The CQC inspection was a follow up conducted last October and looked at the four core services that had previously ‘required improvement’ (urgent care, medical care, surgery and end of life care) to review the progress of the Trust after coming out of ‘special measures’ in July, 2014. The Trust’s community sites were not inspected on this occasion.
Chief Executive Kevin McGee was delighted with the rating and paid tribute to staff, saying: “I am delighted the CQC have rated our Royal Blackburn and Burnley General hospitals as ‘good’ – this is a reflection of the hard work our committed and dedicated staff have been carrying out ever since the Trust was put into special measures in 2013.
“I am very proud to say there is now official confirmation that people in the local area can have confidence in our hospitals and be assured they will receive the best care and treatment from our staff.
“I have read the key findings in both CQC reports and there is so much to be proud of. Our next goal is to improve even further, ensuring those areas still requiring improvement are tackled, and work towards receiving an ‘outstanding’ rating in future. Thank you to all our staff, patients and stakeholders for working with us on this journey and ensuring we have a clear vision, direction and stability of the Board which contributes to our continual improvement.”
The CQC inspection team looked at four core services rating them on being safe, effective, caring, responsive and well-led. Within surgery on both hospital sites, the Trust received a rating of ‘outstanding’ in the category of well-led with the inspectors noting “staff were energetic and motivated and were proud of the organisation as a place to work and visibility of leadership.”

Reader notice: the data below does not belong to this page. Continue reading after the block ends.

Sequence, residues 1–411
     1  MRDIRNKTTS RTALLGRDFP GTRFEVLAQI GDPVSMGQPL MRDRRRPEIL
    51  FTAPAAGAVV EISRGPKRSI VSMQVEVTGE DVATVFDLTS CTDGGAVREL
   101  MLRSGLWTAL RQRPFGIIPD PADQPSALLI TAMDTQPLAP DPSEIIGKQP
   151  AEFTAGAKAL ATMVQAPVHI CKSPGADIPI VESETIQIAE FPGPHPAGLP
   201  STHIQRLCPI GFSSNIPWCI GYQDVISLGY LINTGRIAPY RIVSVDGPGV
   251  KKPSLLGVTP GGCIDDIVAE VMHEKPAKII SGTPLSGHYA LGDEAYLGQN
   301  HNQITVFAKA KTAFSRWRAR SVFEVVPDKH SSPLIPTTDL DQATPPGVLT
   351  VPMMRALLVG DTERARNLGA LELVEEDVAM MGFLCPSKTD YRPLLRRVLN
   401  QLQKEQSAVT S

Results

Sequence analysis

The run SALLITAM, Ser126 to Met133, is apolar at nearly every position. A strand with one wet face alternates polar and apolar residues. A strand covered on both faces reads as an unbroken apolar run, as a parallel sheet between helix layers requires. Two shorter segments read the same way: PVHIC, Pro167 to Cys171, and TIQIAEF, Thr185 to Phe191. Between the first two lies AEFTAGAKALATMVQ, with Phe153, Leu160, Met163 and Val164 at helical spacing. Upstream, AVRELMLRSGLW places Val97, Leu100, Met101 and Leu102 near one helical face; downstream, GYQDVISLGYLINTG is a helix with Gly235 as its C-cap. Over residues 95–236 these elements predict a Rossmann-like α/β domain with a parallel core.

The inspectors also noted a number of positive key findings:
l The Trust had clear vision, objectives, values, operating principles and improvement priorities. All staff spoken to were dedicated to achieveing the best care for their patients
l Hospital services were supported by strong governance processes ensuing a robust overview of risks within the hospitals
l The ‘harm free care’ strategy had improved the way the Trust dealt with and learnt from incidents and there was evidence that learning and change to practice from incidents was shared across services and trust wide.
l Cleanliness and hygiene was of a high standard
l Staff were kind and caring to patients and involved them in their own care
l Staff were proud of the work they did and supported each other. Though the last few years had been difficult, the stability of the current board and executive team had contributed greatly to the culture of continuous improvement.